The Nissan and General Tire sponsors are probably ‘one-offs’ for the Brazil event.

No Monster Energy in the Octagon.  Recall that TNT Energy Drink had the Brazil market at one point as the UFC sponsor.  Aldo was a big sponsor but it looks like that is no longer true.

Odds and Ends

Here is the local coverage in Hawaii for Max Holloway and Yancy Medeiros.  The report states that a lot of the UH Football team showed up to see him.

Hawaii News Now – KGMB and KHNL

The UFC Prelims were late on FS1 as baseball ran over into the time slot.  The event had to be put on FS2.  This may have had an affect on the ratings as it drew 732,000 viewers on FS1 for the bulk of the telecast.  The beginning part, shown on FS2, drew 218,000 viewers.

The Brazilian Commission did not adopt the new unified rules of MMA.  Fortunately, the rules did not come into play.

The UFC 214 promo came out and they look pretty good.

It was interesting that there was promotion for the UFC Fight Night Singapore event two weeks from now but not this week’s Fight Night from New Zealand.

The first Japanese UFC Champion, Sakuraba, will go into the UFC Hall of Fame.  The announcement was made during the PPV.

The “UFC Unfiltered” Podcast ran commercials throughout the PPV Prelims on FS1.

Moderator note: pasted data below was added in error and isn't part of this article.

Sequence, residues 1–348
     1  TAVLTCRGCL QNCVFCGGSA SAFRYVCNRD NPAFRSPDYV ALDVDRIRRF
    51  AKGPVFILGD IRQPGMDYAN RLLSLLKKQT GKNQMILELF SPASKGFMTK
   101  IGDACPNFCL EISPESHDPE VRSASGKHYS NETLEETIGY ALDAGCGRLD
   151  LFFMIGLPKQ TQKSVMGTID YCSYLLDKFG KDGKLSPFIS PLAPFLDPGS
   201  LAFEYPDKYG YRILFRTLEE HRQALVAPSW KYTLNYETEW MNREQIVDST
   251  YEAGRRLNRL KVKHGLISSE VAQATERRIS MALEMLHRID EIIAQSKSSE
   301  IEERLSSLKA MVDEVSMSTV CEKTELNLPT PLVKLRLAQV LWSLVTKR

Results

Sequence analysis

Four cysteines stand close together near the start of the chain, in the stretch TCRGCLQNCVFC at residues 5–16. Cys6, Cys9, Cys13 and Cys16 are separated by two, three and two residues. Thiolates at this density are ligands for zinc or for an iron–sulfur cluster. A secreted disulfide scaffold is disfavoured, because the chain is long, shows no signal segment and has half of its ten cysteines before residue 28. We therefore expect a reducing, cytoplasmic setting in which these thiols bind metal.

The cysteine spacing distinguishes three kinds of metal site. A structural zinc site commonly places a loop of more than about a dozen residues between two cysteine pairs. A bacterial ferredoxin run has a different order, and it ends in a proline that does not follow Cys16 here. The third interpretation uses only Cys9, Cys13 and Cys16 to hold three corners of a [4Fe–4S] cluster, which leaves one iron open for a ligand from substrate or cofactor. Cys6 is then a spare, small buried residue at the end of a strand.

UFC 212 drew 200,000 google searches on Saturday.

Conclusion

200,000 google searches the day of the event, the MLB overrun on FS1 for the Prelims and the fight card in Brazil probably means that this PPV draws somewhere between 150K to 200K PPV buys.  In comparison, UFC 134 (ASilva-Okami) drew 335,000 buys in the same venue in September 2011.  Aldo-Mendes 2 in Maracanazinho, Brazil drew 180,000 buys.  The event took place in October 2014 at UFC 179.  Holloway’s last PPV in December against Anthony Pettis drew 150,000 PPV buys although a replay on Fox during Christmas Eve did well.  Still, we’re talking about buys for PPV and with a string of UFC events coming up for June and July’s International Fight Week coming up this PPV may have been one that the casual fan skips.